Many of us are familiar with the concept of customer success. According to some, customer success is your customer’s full appreciation of your product or service’s value proposition, from the very first engagement to ongoing maintenance and support.
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In the image above, you see how customer success touches all aspects of the user experience.
But what is employee success? Like customer success, employee success should look at a the holistic experience of your employees, from when you recruit them to when they leave your company. Looking at the lifecycle of an employee, this means you want to start focusing on your employees experience even before they join the company:
It begins with your recruiting. When you recruit, you want to be honest and transparent about the opportunity. A critical component of employee success is matching the employee’s skillset with the position. This aligns the candidate with the opportunity, which leads to happier candidates and more effective hiring managers.
The next part of employee success is the interview. The interview is one of the rare opportunities to showcase your culture to people outside the company. Of course, not all candidates are going to get hired. That’s why it’s important, you want to treat each interviewee as if they are all getting hired.
For many companies, employee on-boarding includes the mandatory legal and regulatory items. Of course, you’ll have to fill out a form I-9, a form W-4, and your local state new hire reporting for your new hire. But If that’s all you do as part of your on-boarding, you are missing a big opportunity to showcase your culture.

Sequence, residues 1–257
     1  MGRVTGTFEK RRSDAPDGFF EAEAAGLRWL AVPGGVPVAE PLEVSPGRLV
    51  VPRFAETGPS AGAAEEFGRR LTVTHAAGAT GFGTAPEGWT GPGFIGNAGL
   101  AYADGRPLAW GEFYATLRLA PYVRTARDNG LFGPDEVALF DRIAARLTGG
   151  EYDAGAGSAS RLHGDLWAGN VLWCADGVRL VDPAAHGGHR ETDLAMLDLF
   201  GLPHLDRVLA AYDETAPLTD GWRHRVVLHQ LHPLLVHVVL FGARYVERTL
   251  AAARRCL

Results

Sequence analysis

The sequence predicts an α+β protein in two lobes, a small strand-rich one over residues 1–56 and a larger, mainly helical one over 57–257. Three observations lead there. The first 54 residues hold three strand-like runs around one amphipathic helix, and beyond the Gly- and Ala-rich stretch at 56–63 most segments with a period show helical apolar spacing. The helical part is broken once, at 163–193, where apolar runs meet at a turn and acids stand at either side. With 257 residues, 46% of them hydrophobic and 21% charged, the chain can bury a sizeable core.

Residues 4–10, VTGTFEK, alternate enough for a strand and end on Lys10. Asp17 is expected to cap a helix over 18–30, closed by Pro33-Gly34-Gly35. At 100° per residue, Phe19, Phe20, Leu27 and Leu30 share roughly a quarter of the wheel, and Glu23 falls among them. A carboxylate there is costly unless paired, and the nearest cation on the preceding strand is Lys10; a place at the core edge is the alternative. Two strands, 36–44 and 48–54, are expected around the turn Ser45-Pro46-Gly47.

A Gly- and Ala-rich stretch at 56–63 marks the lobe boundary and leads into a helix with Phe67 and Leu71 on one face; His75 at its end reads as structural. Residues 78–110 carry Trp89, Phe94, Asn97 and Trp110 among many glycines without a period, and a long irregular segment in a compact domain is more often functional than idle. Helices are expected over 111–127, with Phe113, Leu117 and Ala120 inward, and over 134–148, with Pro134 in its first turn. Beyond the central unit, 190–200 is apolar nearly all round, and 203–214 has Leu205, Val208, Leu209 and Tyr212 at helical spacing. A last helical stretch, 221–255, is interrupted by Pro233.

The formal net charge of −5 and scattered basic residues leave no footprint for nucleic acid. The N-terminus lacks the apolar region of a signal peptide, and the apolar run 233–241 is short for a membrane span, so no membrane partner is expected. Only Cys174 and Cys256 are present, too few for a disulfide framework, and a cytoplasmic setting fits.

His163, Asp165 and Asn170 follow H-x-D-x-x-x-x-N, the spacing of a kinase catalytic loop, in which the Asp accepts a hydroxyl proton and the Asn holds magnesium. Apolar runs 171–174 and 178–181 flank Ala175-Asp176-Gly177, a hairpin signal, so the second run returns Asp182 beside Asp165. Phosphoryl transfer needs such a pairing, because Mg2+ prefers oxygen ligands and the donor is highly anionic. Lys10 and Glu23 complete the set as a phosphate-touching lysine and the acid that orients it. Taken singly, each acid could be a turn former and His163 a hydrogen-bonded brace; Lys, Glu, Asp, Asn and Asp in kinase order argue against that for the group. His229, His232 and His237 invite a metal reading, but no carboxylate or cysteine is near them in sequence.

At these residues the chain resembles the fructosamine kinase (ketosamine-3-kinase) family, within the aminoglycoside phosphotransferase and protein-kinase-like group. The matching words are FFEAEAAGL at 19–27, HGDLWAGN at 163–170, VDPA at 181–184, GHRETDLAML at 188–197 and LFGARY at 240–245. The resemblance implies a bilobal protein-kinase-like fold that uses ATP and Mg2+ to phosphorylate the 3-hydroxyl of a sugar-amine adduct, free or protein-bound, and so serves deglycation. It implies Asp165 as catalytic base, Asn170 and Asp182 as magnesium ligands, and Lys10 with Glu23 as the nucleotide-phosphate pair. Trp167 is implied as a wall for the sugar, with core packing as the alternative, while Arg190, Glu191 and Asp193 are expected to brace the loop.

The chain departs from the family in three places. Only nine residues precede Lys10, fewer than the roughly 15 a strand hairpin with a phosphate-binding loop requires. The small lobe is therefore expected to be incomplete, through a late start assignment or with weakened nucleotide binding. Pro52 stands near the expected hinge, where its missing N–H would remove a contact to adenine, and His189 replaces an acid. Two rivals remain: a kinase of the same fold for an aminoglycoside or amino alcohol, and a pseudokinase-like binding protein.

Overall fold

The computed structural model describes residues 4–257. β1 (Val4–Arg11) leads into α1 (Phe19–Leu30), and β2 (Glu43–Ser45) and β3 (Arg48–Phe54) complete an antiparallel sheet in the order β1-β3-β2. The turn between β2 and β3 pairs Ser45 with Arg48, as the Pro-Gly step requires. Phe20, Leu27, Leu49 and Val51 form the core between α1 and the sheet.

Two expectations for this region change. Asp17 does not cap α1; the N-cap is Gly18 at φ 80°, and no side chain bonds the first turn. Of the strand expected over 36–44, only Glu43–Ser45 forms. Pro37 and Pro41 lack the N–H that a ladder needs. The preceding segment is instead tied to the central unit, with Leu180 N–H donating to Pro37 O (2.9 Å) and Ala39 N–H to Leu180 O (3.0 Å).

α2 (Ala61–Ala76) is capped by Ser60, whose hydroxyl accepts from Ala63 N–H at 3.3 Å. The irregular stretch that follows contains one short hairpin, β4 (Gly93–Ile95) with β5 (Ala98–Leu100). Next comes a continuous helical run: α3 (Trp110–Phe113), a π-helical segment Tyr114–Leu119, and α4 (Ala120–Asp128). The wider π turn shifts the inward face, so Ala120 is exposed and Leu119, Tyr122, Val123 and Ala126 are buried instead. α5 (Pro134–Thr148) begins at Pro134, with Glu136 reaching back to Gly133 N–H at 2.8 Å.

Of course, the onboarding doesn’t end at the end of the first month. To truly maximize your employees’ performance, you want to help them with continuing education. Did you know that you can exclude up to $5,250 in employee tuition costs? That means if you pay for a qualified employee’s tuition, you can write off up to $5,250. Why is this important?
In a study by the Society of Human Resource Management, 84% of employees listed Job specific training as “very important” or “important” in a survey on job satisfaction. Employee education gets the dual benefit of not only increasing retention, but also making your current employees more productive.
The next part of employee success, employee mentorship, is also a very important part of increasing employee performance. In the same study from SHRM, the #4 most important aspect of job satisfaction was the “relationship with immediate supervisor.” It’s important to understand that mentoring your employees is a critical part of employee success. Just like you wouldn’t abandon your customers after they purchase your product, you also don’t want to abandon your employees after they’ve joined your company.
Of course, we know not everyone stays at their company forever. An employee departure is challenging, especially if the employee was well-liked and productive. That’s why it’s important to make career empowerment a part of employee success. Within Gusto, career empowerments means increasing responsibilities and continuing education. But outside of Gusto, it means our employees are better equipped to take on their next challenge.
That’s why when you think of employee success, you have to think holistically from start to finish.